Peter SmithEXPAND
Peter Smith

State Senate Candidate Vows Protections for Residents Affected by I-70 Expansion

Campaign promises abound in any political race. But Peter Smith, a Democratic candidate for Colorado Senate District 32, released a statement this week vowing to fight for something that no other candidates in the state Senate race have on their platforms: long-term protection for residents affected by the infamous I-70 expansion project in north Denver.

"I am convinced that projects like the I-70 expansion are a necessary expansion for the safety of our citizens and growth of our state," Smith says. "However, the growing pains of improving our infrastructure includes making sure those communities are not displaced, and that Coloradans' health is not sabotaged."

Smith points to the potentially detrimental health effects of the expansion project that have brewed controversy as well as two recent lawsuits against the Colorado Department of Transportation and the Federal Highway Administration.

The lawsuits question whether the Central 70 project violates the Clean Air Act and whether the Highway Administration bypassed regulations stipulated by the National Environmental Policy Act. "[We need] to devise a state-of-the-art Road Dust Control action plan that greatly increases road-dust control measures along the I-70 expansion area," Smith said.

An artist's rendering of the expanded I-70 highway as it descends under a four-acre "greenspace" cover near Fillmore Street.
An artist's rendering of the expanded I-70 highway as it descends under a four-acre "greenspace" cover near Fillmore Street.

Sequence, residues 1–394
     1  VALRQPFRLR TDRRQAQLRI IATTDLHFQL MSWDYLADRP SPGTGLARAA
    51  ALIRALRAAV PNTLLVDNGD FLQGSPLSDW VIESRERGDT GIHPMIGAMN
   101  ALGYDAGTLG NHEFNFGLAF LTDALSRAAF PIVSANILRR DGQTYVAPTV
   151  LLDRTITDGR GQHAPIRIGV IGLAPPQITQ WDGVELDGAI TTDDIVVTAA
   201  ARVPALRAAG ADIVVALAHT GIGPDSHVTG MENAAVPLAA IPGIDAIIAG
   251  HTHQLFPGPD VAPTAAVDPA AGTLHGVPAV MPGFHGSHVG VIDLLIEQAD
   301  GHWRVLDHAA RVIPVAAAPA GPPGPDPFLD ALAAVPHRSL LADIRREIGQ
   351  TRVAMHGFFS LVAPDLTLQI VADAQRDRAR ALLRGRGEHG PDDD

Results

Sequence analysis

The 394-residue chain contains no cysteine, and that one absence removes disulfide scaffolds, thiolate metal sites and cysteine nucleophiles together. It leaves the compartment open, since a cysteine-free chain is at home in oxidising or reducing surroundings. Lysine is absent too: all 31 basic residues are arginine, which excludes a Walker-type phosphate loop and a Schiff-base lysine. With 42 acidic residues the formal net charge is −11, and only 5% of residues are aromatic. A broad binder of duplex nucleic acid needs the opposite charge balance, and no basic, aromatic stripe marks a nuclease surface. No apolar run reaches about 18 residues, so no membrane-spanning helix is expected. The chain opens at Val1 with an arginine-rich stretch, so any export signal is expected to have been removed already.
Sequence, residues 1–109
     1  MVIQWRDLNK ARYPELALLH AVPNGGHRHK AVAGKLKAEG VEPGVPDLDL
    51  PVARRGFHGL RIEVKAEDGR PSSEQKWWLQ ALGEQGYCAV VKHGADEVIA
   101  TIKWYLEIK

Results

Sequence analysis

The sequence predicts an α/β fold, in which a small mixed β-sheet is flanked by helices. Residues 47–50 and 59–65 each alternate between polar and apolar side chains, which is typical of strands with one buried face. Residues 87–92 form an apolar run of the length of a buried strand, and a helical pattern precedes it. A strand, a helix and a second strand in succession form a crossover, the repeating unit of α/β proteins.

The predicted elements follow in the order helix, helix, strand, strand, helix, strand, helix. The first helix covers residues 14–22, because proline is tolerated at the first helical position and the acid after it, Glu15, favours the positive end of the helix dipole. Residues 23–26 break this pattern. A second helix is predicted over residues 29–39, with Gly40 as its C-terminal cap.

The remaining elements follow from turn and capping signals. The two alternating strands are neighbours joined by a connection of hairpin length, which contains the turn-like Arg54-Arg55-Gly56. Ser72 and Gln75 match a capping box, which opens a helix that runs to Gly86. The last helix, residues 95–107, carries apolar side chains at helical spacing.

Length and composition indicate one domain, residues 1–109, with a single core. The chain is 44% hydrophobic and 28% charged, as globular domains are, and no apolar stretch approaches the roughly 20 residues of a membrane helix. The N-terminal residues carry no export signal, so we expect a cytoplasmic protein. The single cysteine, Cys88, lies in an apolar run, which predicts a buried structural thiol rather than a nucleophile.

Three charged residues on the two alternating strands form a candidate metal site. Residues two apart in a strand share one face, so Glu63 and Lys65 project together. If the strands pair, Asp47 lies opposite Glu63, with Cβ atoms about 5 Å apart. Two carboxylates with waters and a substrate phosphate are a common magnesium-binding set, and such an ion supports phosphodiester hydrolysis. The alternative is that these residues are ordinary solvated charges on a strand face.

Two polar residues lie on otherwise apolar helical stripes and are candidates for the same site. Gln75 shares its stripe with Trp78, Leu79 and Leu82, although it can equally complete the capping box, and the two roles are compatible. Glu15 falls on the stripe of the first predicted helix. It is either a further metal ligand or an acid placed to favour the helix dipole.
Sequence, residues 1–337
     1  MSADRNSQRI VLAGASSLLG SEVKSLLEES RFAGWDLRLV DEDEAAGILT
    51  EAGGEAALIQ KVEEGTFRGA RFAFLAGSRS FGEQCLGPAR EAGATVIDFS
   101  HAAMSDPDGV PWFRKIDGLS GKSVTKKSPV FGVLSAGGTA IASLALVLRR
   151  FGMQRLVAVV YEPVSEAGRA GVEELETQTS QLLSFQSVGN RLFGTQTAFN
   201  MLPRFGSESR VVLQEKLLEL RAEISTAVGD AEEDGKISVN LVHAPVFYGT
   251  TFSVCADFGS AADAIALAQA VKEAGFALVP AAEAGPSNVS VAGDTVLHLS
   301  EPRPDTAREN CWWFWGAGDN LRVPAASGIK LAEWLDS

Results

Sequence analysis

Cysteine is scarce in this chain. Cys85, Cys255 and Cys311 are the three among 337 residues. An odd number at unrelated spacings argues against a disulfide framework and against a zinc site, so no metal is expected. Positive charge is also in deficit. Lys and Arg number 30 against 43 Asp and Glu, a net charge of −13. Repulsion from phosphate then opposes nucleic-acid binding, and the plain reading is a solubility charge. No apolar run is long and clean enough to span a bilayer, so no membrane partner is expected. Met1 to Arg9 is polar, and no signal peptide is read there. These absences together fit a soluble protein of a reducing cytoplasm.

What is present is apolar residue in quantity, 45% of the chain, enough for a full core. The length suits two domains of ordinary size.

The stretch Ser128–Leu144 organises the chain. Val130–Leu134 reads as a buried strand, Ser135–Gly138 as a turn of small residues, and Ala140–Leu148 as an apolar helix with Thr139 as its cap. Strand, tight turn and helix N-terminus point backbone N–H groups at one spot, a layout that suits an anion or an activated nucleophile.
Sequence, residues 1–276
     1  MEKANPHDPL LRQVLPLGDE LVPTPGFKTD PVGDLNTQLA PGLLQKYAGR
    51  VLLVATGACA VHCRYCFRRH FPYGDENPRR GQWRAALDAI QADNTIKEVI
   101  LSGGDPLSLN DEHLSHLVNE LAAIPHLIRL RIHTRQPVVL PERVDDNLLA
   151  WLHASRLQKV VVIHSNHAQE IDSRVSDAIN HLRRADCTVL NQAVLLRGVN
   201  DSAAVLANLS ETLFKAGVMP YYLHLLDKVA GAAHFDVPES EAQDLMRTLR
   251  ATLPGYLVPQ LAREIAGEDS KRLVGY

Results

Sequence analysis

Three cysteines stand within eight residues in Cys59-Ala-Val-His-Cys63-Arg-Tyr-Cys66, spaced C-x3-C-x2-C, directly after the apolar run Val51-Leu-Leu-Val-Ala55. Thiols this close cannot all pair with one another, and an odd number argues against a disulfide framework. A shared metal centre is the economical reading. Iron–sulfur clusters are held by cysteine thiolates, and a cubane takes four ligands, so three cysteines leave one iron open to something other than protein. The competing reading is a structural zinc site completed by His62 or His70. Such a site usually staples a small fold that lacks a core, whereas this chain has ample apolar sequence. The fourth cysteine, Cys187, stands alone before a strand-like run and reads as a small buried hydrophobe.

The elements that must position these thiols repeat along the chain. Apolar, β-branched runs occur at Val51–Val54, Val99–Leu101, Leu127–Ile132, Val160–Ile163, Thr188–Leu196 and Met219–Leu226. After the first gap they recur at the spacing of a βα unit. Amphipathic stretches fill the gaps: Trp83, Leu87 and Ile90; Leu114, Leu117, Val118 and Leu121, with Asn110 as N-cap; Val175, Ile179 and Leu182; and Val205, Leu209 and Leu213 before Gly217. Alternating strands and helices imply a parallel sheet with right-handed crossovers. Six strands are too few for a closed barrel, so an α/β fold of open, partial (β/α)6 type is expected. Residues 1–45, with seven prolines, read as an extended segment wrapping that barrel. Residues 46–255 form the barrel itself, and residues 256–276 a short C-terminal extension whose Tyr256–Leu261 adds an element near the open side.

Colorado Department of Transportation

Smith points to the drastic effects the influx of development and infrastructure improvements are having on the cost of living. As property values skyrocket in Denver, many deeply rooted residents are facing the risk of displacement. In 2015, Community Strategies Institute, an outside consultant firm, recommended that CDOT invest $14.5 million in neighborhoods to help counteract the change in cost of living and loss of affordable housing. CDOT ultimately invested $2 million.

Rebecca White, a spokeswoman for the I-70 expansion project, says the amount is adequate. The decision to invest $2 million, she explains, was "informed by experts in the housing community" and was an effective amount to "trigger affordable housing units and leverage additional funds." She also notes that CDOT is investing $17 million in improvements for Swansea Elementary School, which sidles the section of I-70 that will be expanded, and putting additional funds toward dust- and noise-control improvements for about 300 homes nearby.

"We are taking steps never taken in Colorado," she says, noting that most departments of transportation around the country haven't made such large-scale community investments.

But for Smith, this decision was a major error. "CDOT must fund the full $15 million suggested investments to the surrounding areas to make up for the loss of affordable housing and to deter the cost-of-living increases," he says.

Although District 32 comprises a portion of south Denver, Smith emphasizes that his position in the Senate should require standing up "for what is right for all Coloradans."

In 2012, Smith gained national attention after "glitter-bombing" Mitt Romney during a visit to Denver. He was charged with three misdemeanors, including "throwing a missile," and wound up performing community service.

The race for District 32, now held by Democrat Irene Aguilar, is already crowded with other Democratic candidates, including former Vice Chair of the Democratic Party of Denver Robert Rodriguez, entrepreneur Zach Neumann and activist Lance Wright.

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